New Jersey employment laws safeguard a wide range of rights for employees, including the right to a minimum wage and overtime compensation, a workplace free from unlawful discrimination, and the ability to organize and negotiate collectively for better working conditions. The National Labor Relations Act (NLRA) is a federal law that protects employees’ rights to self-organization and collective bargaining. It prohibits both employers and unions for coercing employees or interfering with their lawful activities. If an employer has allegedly violated its employees’ rights under the statute, the National Labor Relations Board (NLRB) has the authority to seek a temporary injunction blocking the employer’s alleged actions. A federal district court in New Jersey granted this type of injunction to the NLRB in late 2022.
The NLRA broadly protects workers’ rights to form or join unions. It prohibits a variety of unfair labor practices by both employers and unions. Employers violate the statute if they interfere with lawful employee actions or discriminate against employees because of organizing activity. The statute also imposes affirmative duties on employers. Once employees have chosen a union to represent them in contract negotiations, § 8(a)(5) of the NLRA makes it an unfair labor practice for an employer to refuse to negotiate with an authorized union representative.
The General Counsel (GC) of the NLRB can bring an administrative action against an employer or union for alleged NLRA violations. If the GC and the employer cannot reach a settlement, an administrative law judge (ALJ) will hear the case and render a decision. The members of the Board may hear appeals of ALJ decisions. From there, it may be possible to appeal a decision in the federal court system. One provision of the NLRA, however, allows the NLRB to seek relief from a federal court while a case is pending.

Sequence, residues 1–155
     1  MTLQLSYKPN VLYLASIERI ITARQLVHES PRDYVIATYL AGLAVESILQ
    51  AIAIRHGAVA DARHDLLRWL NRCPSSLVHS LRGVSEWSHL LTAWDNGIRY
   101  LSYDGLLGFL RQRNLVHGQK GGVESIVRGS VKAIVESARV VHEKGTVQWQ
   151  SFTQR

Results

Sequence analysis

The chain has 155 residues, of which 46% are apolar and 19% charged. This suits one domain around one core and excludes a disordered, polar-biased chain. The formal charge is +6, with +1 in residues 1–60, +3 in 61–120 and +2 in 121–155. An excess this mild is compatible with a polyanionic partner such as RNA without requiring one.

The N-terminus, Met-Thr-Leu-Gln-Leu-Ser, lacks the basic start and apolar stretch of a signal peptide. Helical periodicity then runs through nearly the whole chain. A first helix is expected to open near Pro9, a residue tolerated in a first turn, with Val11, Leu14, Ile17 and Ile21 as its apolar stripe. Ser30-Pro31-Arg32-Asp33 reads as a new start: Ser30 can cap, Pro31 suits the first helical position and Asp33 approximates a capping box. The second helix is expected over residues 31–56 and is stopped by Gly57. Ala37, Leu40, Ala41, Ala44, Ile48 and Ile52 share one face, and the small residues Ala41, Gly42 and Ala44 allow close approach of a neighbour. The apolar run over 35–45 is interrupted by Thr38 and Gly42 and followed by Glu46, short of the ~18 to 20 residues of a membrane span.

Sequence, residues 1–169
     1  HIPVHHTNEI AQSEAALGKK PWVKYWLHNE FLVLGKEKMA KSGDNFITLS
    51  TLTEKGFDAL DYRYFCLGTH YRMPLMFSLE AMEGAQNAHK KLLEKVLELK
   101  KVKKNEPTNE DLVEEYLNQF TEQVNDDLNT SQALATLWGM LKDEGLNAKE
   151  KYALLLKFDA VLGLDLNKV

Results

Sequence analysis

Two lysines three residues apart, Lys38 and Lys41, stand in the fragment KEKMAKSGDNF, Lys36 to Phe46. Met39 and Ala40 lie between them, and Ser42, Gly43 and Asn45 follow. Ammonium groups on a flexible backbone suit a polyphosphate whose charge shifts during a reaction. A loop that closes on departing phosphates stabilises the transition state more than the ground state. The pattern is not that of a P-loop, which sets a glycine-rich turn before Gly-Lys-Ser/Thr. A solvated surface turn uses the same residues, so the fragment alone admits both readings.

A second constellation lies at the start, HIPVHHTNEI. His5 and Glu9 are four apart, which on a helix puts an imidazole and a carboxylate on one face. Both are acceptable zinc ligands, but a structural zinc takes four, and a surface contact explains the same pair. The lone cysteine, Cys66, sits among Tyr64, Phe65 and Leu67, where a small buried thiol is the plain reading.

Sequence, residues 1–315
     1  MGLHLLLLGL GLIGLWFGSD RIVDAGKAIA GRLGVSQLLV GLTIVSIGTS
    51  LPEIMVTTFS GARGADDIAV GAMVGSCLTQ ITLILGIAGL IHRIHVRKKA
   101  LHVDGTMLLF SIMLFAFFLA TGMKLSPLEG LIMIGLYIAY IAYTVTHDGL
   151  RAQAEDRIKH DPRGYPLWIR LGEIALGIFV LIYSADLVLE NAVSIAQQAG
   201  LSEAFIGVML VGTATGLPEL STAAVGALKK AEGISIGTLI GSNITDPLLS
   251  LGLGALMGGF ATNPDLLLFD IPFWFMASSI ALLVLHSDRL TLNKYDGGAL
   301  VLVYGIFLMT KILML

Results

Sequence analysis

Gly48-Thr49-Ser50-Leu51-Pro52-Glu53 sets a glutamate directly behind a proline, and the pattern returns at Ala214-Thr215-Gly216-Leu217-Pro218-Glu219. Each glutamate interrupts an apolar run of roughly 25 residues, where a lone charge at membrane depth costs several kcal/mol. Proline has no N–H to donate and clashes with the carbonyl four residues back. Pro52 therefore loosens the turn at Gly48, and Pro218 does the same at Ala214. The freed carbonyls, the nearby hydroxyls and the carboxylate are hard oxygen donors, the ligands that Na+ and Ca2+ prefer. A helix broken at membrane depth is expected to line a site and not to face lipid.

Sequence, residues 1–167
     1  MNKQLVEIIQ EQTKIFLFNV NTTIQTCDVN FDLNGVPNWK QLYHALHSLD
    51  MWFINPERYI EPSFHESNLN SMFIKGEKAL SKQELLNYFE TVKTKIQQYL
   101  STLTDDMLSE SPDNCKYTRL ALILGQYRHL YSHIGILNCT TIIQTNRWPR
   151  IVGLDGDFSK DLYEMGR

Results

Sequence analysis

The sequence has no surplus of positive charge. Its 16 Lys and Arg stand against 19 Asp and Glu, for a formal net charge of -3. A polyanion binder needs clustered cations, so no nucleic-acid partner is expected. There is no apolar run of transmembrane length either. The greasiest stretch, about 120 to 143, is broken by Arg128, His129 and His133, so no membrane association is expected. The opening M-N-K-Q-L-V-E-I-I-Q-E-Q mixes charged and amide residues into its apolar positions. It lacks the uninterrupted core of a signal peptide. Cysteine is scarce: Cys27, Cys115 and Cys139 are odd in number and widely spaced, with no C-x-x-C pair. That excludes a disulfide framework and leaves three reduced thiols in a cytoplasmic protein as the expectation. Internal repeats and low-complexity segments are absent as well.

Section 10(j) of the NLRA allows the NLRB to request temporary injunctions against employers or unions. If a court grants an injunction, it will remain in place as long as the matter is pending before an ALJ or the Board, or until the court revokes or modifies it. The purpose of a § 10(j) injunction is to give workers temporary relief from unfair labor practices while the system processes their claims.
In October 2022, a New Jersey federal court granted the NLRB’s request for a § 10(j) injunction against a Newark-based building demolition contractor. The NLRB alleged numerous unfair labor practices, such as threats to fire employees or reduce their pay because of their support for unionization, surveillance of employees engaged in union activities, and multiple examples of retaliation related to the union. The judge found reasonable cause to believe the employer had violated and continued to violate the NLRA.
The injunction bars the employer from threats, surveillance, and other acts intended to discourage or punish union activities. It directs the employer to recognize the union “as the exclusive collective bargaining agent of its bargaining unit employees” and, upon the union’s request, to “engage in good faith bargaining with the Union over the terms and conditions of employment of its bargaining unit employees.”
Workers who are involved in disputes with New Jersey and New York employers need skilled and experienced legal advocates on their side. The employment attorneys at the Resnick Law Group are available to answer your questions, advise you of your options, and fight for your rights both in and out of the courtroom. To schedule a confidential consultation, please contact us today online, at 973-781-1204, or at 646-867-7997.